What was the original PS brand ?

Some brands are well known to be more a lot more likely to damage the mboard or other components when they fail.

nvidia geforce gtx 280

NVidia info :
Minimum Recommended System Power (W) 550 W
Supplementary Power Connectors 6-pin & 8-pin

On another web site:
550W PSU with 40A on the 12V rail.
the GeForce GTX 280 uses one 8-pin and one 6-pin PCI Express power connector.

You MUST connect both the 6 pin and 8 pin connector from the PS to the video card's sockets.

If the PS does not have an 8 pin connector, you probably need to get and use a wiring adapter that does have the 8 pin connector.

The power supply MUST put out at least 40A at +12v, total . ( If it has more than one +12v output rating, add them).

If you're a gamer...
In most if not all cases, the max capacity rating of the PS is an intermittent rating. It's recommended that you do not load your PS to any more that 80% of that rating if you are going to be using something that puts a constant load on it, such as playing a recent game for hours on end. In that case, you multiply the min capacity stated for the system with the particular video chipset on the card by 1.25 to find the min. capacity of the PS you should get.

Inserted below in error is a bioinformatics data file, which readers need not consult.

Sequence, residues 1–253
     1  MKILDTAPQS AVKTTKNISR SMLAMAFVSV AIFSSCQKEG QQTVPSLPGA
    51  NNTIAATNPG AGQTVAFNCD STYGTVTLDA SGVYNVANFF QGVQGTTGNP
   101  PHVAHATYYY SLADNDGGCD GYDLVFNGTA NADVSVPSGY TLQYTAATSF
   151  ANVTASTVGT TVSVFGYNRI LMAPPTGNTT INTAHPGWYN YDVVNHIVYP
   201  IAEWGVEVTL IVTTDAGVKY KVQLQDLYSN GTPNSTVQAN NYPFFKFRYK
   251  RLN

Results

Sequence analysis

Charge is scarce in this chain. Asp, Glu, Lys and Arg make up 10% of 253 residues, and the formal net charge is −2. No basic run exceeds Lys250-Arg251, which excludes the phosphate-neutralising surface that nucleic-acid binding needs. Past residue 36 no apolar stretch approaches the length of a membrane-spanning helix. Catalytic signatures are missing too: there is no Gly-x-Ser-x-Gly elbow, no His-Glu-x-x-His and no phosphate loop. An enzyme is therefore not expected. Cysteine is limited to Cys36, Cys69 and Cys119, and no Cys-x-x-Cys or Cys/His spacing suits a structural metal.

550 x 1.25 = 687.5

You're alright regarding that.

You may have un-intentionally loosed a connection or jostled the ram. Make sure all wiring connections on all the way, and that the ram and all cards in slots are all the way down in their slots.

You could remove the wiring connectors one by one, and remove the cards in slots and the ram, and check for signs of damage on both sides of the connection.

If it's any consolation, if something was fried, usually only the mboard is fried.

Your 64 x 2 3000+ cpu
correction - 6000+
can be used in any AM2 + or higher mboard that can handle the wattage of it - you may have the original 125 watt model, or the one that uses less power. That's a great cpu for it's time, by the way.